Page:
The whole thing sounded fishy to me and I said so. Joyce asked if I could believe Mike’s girlfriend Cindy had dared to show up at the hospital and tried to help Tonia. I said I was glad Cindy had been there or else Tonia would’ve been all alone for all those hours before we arrived. Joyce sniffed that she wouldn’t be one bit surprised if Cindy showed up at their house to see Mike. I said I would actually love to see Mike and Cindy try to sneak around with Mike in a wheelchair.

Joyce asked if I could believe Sean was dating his new girlfriend, Beth. She was so fat and plain! Sean could get a prettier girl. I said maybe she was a lot of fun and Sean was dating her for more than her looks. Joyce started gossiping about how one of her friends’ teenage daughter was pregnant and unmarried. I said I felt there was some saying about glass houses right on the tip of my tongue, but I couldn’t remember it, and then I went home. 

Tonia and I had been talking about Joyce’s hypochondria as well as her strays. I said I was exhausted by all the stories Joyce told that weren’t true and how she was constantly nagging Jerome and I hoped I didn’t sound like that–if I did, no wonder Dan had left. I told Tonia that Joyce was so negative about everything that I found myself feeling angry and sad when I left her house. I stopped going to Joyce’s so often.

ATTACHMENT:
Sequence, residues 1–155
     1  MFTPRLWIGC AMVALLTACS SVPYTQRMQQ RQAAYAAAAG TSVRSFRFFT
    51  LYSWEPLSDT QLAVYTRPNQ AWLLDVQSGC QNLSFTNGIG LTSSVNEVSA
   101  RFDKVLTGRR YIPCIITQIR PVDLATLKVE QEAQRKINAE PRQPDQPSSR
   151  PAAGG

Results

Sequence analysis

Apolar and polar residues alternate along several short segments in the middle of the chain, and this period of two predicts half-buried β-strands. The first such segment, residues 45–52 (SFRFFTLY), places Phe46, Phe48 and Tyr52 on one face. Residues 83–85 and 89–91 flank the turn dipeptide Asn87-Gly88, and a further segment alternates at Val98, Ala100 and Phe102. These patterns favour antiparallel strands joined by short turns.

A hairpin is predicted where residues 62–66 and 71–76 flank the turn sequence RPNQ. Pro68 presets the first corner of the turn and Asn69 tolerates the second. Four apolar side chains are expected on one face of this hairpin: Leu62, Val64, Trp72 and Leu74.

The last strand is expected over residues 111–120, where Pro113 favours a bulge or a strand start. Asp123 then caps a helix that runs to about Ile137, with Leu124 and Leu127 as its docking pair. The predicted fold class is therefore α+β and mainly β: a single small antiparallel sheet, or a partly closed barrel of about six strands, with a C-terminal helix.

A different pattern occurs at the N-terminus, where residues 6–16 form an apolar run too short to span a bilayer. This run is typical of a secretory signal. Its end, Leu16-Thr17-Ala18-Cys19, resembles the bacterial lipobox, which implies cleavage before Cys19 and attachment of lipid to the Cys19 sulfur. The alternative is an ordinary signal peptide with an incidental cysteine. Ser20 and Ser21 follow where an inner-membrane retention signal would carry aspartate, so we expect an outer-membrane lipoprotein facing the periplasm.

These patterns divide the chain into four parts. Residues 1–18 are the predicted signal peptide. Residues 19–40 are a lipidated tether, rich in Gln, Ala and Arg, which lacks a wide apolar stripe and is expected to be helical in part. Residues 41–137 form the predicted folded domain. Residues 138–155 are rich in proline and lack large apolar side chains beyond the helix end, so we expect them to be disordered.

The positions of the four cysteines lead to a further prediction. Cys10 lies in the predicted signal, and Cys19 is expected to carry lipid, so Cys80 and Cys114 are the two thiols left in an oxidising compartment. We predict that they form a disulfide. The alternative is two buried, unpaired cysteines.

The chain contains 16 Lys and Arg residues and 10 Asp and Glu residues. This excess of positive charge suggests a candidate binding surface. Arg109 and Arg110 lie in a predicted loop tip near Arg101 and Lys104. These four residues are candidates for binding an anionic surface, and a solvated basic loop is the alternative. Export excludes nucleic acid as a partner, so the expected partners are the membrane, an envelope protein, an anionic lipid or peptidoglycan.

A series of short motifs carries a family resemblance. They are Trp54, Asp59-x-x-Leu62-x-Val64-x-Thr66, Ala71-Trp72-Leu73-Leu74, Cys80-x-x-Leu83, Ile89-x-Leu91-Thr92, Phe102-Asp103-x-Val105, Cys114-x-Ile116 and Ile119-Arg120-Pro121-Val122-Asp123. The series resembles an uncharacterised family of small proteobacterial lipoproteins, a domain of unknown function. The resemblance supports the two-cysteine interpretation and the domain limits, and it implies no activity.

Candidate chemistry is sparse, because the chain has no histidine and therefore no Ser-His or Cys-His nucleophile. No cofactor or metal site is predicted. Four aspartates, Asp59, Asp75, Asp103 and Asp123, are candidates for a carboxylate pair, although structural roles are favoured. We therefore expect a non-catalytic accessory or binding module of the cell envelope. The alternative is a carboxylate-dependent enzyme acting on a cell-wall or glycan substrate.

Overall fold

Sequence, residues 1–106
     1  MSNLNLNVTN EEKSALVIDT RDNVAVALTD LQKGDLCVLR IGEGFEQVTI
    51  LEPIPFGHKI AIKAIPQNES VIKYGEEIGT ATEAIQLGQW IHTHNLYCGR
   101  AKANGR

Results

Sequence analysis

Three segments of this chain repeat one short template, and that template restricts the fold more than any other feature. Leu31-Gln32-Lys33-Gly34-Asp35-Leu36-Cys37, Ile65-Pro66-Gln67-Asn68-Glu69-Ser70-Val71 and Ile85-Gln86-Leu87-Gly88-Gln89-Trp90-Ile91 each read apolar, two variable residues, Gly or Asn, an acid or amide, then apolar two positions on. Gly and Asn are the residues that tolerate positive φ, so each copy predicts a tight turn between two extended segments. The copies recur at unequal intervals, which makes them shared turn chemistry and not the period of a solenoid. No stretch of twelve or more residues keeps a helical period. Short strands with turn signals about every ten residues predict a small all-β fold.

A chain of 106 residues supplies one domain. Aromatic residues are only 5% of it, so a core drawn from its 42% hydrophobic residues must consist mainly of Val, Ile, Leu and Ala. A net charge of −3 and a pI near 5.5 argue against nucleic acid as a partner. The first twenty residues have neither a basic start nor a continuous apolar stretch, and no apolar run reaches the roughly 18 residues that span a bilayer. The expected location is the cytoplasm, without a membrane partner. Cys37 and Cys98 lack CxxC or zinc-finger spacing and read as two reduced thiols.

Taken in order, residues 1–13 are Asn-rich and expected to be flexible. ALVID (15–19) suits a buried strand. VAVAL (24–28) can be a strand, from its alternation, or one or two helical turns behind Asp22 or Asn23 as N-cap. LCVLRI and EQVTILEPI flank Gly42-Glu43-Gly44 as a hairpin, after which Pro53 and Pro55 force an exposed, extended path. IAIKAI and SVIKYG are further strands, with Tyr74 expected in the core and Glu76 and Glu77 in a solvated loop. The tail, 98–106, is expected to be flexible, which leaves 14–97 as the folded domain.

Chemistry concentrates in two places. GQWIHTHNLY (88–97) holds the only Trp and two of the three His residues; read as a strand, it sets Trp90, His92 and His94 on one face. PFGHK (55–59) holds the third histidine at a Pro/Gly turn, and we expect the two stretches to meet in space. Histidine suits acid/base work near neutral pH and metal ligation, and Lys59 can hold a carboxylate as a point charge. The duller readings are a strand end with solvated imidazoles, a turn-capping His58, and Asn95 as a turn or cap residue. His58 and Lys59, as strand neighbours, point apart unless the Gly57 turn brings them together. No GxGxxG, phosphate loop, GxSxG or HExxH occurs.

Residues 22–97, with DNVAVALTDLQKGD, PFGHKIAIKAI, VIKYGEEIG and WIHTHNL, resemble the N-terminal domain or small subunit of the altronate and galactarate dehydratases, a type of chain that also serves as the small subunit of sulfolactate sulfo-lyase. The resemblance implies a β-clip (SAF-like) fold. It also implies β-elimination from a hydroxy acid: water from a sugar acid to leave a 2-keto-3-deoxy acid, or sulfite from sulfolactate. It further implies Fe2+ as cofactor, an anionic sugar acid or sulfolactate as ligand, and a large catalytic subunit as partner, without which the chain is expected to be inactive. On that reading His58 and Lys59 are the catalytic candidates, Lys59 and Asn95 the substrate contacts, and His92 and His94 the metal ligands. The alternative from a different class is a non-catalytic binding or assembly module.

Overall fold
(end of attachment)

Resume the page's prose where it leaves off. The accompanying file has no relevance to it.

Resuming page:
But Tonia and Joyce live about a block apart. It made it easy for Tonia to send AJ and Kelsie down to Joyce’s when she needed them out of the way to care for Mike or clean the house or if they were getting on her nerves. So Tonia was spending more time at Joyce’s while I was spending less. I knew they were gossiping and I knew Tonia was also angry and depressed after leaving, but she had every reason to need her mom right now. So I tried not to worry about what Joyce might be saying to Tonia.

And that is how things stood when Tonia and I went out two-stepping one night. Tonia was still (Or again?) positive that Mike and Cindy had had an affair and it still outraged her that Cindy had shown up at the hospital when Mike was hurt. She said Cindy hadn’t shown up to learn to take care of Mike and that Cindy wasn’t hanging around helping and she thought it was just bad karma all around and now she, Tonia, was supporting Mike and caring for him all alone. I asked her if she needed help, or if she wanted me to take AJ and Kelsie back to my house for a while. Tonia admitted that Mike’s parents (who lived about a block away on the other side of Tonia and Mike) were helping and the kids were good for Mike.